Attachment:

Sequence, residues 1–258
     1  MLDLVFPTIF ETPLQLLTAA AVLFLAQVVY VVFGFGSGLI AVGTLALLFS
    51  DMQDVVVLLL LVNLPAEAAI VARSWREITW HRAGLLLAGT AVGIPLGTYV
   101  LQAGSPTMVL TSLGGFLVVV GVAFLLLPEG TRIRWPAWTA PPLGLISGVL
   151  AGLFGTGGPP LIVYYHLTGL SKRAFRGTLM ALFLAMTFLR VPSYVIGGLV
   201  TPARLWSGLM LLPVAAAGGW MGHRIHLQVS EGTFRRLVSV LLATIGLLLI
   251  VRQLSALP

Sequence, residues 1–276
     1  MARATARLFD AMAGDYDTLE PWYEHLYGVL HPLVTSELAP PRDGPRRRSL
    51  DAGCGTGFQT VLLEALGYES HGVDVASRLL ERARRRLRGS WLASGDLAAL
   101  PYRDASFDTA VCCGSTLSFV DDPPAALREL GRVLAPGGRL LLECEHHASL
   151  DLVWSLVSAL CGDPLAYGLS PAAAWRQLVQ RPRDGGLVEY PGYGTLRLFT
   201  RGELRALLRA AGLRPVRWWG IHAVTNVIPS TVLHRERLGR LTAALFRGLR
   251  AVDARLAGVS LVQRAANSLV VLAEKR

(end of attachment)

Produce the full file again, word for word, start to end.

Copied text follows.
Sequence, residues 1–258
     1  MLDLVFPTIF ETPLQLLTAA AVLFLAQVVY VVFGFGSGLI AVGTLALLFS
    51  DMQDVVVLLL LVNLPAEAAI VARSWREITW HRAGLLLAGT AVGIPLGTYV
   101  LQAGSPTMVL TSLGGFLVVV GVAFLLLPEG TRIRWPAWTA PPLGLISGVL
   151  AGLFGTGGPP LIVYYHLTGL SKRAFRGTLM ALFLAMTFLR VPSYVIGGLV
   201  TPARLWSGLM LLPVAAAGGW MGHRIHLQVS EGTFRRLVSV LLATIGLLLI
   251  VRQLSALP

Sequence, residues 1–276
     1  MARATARLFD AMAGDYDTLE PWYEHLYGVL HPLVTSELAP PRDGPRRRSL
    51  DAGCGTGFQT VLLEALGYES HGVDVASRLL ERARRRLRGS WLASGDLAAL
   101  PYRDASFDTA VCCGSTLSFV DDPPAALREL GRVLAPGGRL LLECEHHASL
   151  DLVWSLVSAL CGDPLAYGLS PAAAWRQLVQ RPRDGGLVEY PGYGTLRLFT
   201  RGELRALLRA AGLRPVRWWG IHAVTNVIPS TVLHRERLGR LTAALFRGLR
   251  AVDARLAGVS LVQRAANSLV VLAEKR